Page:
Parts Of LA County Are Under An Excessive Heat Watch. We Have Tips On Staying Safe
An excessive heat warning is in place for the northernmost regions of Los Angeles County and parts of San Bernardino County's Lucerne and Apple Valleys starting Tuesday morning.
According to the National Weather Service, triple-digit temperatures are in the forecast for the Antelope Valley, with Lancaster and Palmdale expected to reach 109 degrees.
Excessive Heat Warning has been issued for the Antelope Valley for Tuesday. Record high temperatures possible! Heat Advisories also issued for the mountains, Santa Clarita Valley, and SLO Co interior. Overnight temps will also be very warm. Some cooling is expected Wed. #CAwx pic.twitter.com/8LrZvy49i1— NWS Los Angeles (@NWSLosAngeles) August 22, 2022
Robbie Munroe, a meteorologist with NWS, emphasized the importance of staying hydrated on days like these.
"if you are going on a hike or somewhere where you might be away from an easy source of water, make sure you bring plenty with you," he said. "Avoid the peak heat of the day if you can. If you do have to work [outdoors] or if you know if you are out in the heat, try to find shade."
The excessive heat warning has been in effect since 9 a.m. on Tuesday and will remain in place until 10 p.m.
The weather is expected to begin cooling off on Wednesday.
More heat is expected on Tuesday, especially across the Antelope Valley where an excessive heat watch is in effect. Here is the range of forecast high temps at several sites with the best forecast to the right. It will start to cool down on Wednesday. #CAwx #LAheat pic.twitter.com/uHtdFY0GmZ— NWS Los Angeles (@NWSLosAngeles) August 22, 2022
The Santa Clarita Valley and L.A. County Mountains are under an excessive heat advisory during that same time period, although temperatures are expected to be less severe.
A Growing Threat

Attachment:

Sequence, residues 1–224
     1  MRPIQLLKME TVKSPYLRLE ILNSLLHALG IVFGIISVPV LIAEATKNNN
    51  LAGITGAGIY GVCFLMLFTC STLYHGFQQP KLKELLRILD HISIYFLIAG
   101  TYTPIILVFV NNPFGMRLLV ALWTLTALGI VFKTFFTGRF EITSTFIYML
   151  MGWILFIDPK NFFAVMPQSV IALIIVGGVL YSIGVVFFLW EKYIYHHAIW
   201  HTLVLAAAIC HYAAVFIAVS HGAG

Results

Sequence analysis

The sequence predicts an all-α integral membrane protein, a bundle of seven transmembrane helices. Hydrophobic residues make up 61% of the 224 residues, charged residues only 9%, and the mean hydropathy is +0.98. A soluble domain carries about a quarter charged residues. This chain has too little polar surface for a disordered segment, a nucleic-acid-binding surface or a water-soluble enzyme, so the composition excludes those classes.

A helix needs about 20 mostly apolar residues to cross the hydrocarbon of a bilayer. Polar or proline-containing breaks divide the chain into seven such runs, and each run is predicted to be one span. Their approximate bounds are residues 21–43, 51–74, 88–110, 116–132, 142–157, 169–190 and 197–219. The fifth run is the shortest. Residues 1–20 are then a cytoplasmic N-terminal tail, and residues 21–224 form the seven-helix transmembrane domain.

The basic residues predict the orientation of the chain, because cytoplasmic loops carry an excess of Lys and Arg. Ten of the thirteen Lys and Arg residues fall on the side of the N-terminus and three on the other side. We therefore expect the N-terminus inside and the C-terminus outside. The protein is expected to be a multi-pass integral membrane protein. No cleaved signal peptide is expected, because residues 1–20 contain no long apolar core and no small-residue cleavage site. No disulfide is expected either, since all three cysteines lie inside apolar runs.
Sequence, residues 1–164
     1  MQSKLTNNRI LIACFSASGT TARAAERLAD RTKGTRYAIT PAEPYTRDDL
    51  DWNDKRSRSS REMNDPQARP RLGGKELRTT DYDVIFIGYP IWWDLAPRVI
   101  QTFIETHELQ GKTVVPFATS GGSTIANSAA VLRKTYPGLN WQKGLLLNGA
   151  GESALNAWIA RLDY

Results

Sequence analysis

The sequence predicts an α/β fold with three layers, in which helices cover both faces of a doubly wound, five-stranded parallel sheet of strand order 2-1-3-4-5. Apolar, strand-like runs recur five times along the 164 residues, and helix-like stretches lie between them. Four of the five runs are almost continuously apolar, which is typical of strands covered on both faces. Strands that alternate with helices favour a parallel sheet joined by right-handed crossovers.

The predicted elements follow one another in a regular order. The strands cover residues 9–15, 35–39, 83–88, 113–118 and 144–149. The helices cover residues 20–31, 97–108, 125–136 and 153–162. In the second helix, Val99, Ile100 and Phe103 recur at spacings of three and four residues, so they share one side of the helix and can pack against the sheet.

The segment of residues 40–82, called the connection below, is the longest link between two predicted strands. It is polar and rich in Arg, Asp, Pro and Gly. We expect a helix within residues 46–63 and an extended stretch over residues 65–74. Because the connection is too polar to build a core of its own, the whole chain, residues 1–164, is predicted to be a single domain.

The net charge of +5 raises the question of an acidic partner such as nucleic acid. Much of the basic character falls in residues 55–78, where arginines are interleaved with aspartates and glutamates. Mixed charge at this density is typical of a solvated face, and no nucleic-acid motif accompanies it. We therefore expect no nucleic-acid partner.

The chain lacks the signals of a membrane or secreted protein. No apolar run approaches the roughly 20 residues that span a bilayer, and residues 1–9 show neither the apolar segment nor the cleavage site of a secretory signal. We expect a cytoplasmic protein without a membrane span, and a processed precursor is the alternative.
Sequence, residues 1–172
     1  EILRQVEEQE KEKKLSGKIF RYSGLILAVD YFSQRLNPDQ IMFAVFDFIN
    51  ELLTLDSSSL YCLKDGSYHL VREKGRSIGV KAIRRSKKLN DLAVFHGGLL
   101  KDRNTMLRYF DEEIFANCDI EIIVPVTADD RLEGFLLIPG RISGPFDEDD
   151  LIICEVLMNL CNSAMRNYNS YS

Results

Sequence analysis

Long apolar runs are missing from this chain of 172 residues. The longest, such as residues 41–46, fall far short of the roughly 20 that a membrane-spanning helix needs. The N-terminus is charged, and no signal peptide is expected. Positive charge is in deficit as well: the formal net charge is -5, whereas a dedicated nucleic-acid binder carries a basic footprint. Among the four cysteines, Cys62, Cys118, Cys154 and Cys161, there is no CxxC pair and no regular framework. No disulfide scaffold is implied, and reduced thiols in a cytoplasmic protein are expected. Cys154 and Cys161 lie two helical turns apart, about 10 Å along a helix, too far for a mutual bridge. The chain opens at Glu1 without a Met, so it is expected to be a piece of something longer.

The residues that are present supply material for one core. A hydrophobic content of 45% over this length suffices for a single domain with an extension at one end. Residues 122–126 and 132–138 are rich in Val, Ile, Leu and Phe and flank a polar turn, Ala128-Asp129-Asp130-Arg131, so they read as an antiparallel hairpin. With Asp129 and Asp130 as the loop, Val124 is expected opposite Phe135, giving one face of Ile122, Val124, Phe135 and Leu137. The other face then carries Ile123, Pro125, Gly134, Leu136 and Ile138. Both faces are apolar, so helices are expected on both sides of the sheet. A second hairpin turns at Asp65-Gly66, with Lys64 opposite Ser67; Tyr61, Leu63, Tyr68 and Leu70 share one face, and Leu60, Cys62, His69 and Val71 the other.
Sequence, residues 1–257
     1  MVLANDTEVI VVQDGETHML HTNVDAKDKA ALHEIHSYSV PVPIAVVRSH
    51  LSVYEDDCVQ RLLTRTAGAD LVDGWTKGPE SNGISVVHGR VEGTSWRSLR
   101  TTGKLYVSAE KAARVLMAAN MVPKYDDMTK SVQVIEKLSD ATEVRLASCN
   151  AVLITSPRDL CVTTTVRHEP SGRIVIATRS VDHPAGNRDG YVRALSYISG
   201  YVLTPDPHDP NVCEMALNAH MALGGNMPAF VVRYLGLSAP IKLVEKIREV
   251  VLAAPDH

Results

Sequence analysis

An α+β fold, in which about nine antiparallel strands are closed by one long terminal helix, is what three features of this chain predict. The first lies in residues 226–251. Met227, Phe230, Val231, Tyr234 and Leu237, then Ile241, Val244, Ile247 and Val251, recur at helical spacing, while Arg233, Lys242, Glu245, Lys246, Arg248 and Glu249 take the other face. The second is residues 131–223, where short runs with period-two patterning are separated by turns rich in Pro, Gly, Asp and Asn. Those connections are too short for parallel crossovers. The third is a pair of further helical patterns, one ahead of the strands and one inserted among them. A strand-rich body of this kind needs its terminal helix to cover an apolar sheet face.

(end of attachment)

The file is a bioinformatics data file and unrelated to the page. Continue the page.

Extreme temperatures are forecast to be a growing issue as the climate emergency continues.
A study released this month projected massive increases in the number of days above 100 degrees across the U.S., with some of the steepest increases in Southern California.
By 2053 these are the project increases:
- Orange County’up by 214.3%; from seven to 22
- L.A. County by 200%, to 21 days
- Riverside County up about 186% from 39 in 2023 to 55 in 2053.
- Don't wait until you're thirsty to drink water or electrolyte-replacements
- Drink cool water, not extremely cold water (which can cause cramps)
- Avoid sweetened drinks, caffeine, and alcohol
Protect a pet from excessive heat
- Never leave a pet or animal in a garage
- Never leave a pet or animal in a vehicle
- Never leave a pet or animal in the sun
- Provide shade
- Provide clean drinking water
Protect a human from excessive heat
Check in frequently with family, friends, and neighbors. Offer assistance or rides to those who are sick or have limited access to transportation. And give extra attention to people most at risk, including:
- Elderly people (65 years and older)
- Young children
- People with chronic medical conditions
- People with mental illness
- People taking certain medications (i.e.: "If your doctor generally limits the amount of fluid you drink or has you on water pills, ask how much you should drink while the weather is hot," says the CDC)